In general, I find herbs to be a very misunderstood means to a delicious end. They can smell so distinct, and it seems as though it would be simple to impart their aroma to a tasty concoction, but often the only perceptible trace in a final dish is specks of green.
Herbs act a variety of ways in different situations. Overall, you can roughly determine the best method for using a specific herb by the stem:
"The sturdier the stem, the longer the cooking time it can withstand."**The best way to think of more delicate herbs (AKA fine herbs or herbes fines) is as tea for food. With tea you don't boil the water with the with the tea itself in the water. You boil the water and then you steep it for a few minutes. The same goes with herbs - say you're cooking a tomato sauce for the fine purpose of tossing with spaghetti. If you add in basil leaves early in the process, they can be almost imperceptible in the final product. (though, I would like to point out, not completely without purpose.) However, if you wait until you are tossing the hot pasta with sauce to fold in some basil, the aroma of the basil will be much more prominent.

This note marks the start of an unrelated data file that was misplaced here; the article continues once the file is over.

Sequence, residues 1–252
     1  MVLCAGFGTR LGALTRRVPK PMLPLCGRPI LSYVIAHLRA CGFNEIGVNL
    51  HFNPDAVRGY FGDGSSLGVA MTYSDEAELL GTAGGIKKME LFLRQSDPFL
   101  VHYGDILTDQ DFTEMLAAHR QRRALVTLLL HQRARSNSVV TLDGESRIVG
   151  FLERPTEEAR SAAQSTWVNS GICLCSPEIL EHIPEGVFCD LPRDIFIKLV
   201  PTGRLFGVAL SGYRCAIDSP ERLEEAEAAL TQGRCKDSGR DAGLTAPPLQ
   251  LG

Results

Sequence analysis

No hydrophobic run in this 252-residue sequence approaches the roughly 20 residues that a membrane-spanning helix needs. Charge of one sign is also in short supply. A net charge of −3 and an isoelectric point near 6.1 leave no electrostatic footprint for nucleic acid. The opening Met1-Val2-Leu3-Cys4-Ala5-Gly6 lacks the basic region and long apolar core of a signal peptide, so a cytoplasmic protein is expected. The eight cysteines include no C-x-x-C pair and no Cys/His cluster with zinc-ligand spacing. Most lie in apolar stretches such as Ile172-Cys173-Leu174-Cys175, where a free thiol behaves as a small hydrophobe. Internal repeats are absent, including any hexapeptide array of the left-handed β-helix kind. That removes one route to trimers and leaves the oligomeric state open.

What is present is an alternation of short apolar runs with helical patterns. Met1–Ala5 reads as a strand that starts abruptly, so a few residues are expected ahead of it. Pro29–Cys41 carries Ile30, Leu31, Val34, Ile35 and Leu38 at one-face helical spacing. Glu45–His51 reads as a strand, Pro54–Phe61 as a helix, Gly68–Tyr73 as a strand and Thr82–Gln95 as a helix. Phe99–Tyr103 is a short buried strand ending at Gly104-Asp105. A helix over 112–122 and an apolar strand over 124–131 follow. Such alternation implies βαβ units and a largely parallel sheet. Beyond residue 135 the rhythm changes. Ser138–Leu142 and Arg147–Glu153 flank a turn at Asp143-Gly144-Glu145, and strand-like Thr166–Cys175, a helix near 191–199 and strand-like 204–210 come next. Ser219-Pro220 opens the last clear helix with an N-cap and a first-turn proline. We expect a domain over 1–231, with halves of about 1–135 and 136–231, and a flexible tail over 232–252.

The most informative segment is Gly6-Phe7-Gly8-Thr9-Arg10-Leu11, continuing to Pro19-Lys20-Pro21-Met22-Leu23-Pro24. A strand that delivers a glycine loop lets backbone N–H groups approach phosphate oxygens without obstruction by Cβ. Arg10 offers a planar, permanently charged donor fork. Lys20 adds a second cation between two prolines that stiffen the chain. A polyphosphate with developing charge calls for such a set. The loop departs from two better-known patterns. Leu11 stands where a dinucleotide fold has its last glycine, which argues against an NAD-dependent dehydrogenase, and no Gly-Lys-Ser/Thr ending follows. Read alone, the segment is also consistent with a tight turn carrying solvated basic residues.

Also, consider this: just as with freshly ground coffee, when you chop a fresh herb and add it to hot food, it can smell amazing - this is the point at which you should be consuming it. The smell of amazing is the herbs yumminess escaping into the air. So, with finer herbs err towards the end of the cooking process.
|Sage roasted chicken|
I love to stuff sage and butter under the skin of a chicken and roast it.
AND keep in mind that this advice is for cooking herbs. Any herb can be used raw (with varying degrees of delicious) in room temperature or cold food applications.
**The exception to this rule is sage, which has a more delicate stem, but can handle some heat.